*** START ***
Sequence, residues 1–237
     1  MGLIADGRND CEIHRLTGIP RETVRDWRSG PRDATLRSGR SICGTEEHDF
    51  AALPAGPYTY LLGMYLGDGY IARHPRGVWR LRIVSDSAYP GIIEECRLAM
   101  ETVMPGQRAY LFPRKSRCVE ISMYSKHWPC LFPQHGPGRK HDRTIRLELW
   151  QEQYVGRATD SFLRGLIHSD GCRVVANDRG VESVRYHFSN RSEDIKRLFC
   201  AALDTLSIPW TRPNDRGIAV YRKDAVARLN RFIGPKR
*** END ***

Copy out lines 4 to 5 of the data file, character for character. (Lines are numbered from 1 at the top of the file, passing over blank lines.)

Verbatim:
   101  ETVMPGQRAY LFPRKSRCVE ISMYSKHWPC LFPQHGPGRK HDRTIRLELW
   151  QEQYVGRATD SFLRGLIHSD GCRVVANDRG VESVRYHFSN RSEDIKRLFC